An instructor led us through an hour of the practice around the perimeter of Central Park. We sniffed the leaves of the trees, sat and meditated, “walked mindfully” while dodging tourists, and gazed out at the pond.
Though I cracked to my friend on our slow walk through the park that it looked like we were high, I had A Moment staring at the sun.
The sun was one of my connections to my mom, since she sang “You Are My Sunshine” to me as a baby. It remains a connection to her now, and bright white beams of light seemed to pierce the darkness in my heart as I visited her that day.
In Central Park, I dabbed the tears quietly flowing under my sunglasses as the guide was probably extolling the virtues of staring at the water. But I wouldn’t know, because mindfulness was all but impossible at the moment. I was focusing on hiding my tears and thinking about how much I missed my mom.
Looking for the secret to healing grief in crystals
Three weeks after my mom died, I fled New York in hopes of going somewhere — anywhere — more healing than my own fast-paced city.
It was full of too many memories of both outings with my mom when she was healthy, and the places I’d been when I’d heard bad news about her condition.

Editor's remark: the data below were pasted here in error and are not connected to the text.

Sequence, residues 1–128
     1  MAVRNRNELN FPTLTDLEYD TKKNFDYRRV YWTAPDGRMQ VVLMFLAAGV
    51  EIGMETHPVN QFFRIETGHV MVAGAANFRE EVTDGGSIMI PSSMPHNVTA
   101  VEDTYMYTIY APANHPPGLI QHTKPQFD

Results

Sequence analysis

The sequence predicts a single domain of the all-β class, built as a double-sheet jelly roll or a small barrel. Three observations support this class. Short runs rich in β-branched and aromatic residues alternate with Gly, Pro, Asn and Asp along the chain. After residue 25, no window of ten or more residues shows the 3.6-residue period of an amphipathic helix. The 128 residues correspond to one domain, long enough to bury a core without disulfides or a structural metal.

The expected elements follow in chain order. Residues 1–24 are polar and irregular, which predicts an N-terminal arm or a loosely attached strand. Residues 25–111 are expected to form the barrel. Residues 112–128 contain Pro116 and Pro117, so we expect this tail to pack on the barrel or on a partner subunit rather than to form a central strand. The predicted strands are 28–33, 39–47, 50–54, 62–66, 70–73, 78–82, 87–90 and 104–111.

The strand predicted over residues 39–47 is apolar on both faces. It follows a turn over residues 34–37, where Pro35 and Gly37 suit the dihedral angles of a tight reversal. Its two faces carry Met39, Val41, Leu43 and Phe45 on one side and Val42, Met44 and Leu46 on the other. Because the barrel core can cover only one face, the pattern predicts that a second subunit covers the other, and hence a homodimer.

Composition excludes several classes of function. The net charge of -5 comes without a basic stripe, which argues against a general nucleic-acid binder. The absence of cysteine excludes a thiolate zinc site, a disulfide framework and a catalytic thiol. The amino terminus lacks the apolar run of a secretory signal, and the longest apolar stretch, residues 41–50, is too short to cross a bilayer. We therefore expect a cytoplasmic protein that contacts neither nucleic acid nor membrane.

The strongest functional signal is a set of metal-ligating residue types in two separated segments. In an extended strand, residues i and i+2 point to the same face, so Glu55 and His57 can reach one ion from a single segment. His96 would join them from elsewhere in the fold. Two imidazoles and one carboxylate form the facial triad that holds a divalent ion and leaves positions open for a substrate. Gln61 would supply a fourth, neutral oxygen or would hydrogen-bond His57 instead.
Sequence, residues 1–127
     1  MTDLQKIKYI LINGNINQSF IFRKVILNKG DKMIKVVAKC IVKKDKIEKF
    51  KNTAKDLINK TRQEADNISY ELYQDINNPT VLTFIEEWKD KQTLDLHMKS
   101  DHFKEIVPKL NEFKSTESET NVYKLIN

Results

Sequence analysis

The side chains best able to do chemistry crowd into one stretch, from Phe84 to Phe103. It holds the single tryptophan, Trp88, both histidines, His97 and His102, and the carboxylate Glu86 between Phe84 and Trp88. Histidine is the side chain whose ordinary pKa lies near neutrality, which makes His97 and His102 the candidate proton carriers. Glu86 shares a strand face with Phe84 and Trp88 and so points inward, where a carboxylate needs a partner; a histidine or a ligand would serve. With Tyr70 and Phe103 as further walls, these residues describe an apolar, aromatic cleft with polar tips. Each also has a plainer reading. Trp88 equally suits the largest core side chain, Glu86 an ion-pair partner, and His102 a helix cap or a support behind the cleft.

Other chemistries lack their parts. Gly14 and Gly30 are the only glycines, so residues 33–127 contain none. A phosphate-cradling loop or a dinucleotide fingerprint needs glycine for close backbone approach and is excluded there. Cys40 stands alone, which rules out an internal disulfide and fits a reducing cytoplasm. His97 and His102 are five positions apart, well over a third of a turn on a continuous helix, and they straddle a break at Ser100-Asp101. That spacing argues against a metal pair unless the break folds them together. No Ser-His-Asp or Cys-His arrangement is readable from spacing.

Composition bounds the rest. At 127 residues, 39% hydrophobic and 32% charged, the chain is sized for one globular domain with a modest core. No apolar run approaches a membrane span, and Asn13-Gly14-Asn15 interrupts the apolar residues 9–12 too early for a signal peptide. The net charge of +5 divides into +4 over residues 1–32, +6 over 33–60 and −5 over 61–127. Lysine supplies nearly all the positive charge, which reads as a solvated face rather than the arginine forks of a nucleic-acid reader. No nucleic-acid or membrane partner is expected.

That’s how I found myself visiting friends in the weird-wellness mecca of Los Angeles.
My friend brought me to a wellness store called House of Intuition to show me the Honor Your Ancestors candle, meant to make me feel more connected to my mom’s spirit. The white walls of the expansive sunny store read “Your Intuition Led You Here,” and my intuition led me to the healing crystals.
A $3 tumbled amethyst to soothe the anxiety and recurring nightmares that kept me up at night? Hey, it was certainly cheaper than the wine I was drinking for the same reason.
On my next trip to LA, my favorite meditation studio there offered a crystal healing meditation class, and I was sure that it would be the magical experience to suddenly cure my intense depression.
I wasn’t sure if it was BYO crystal or not, but I brought my own just to be safe.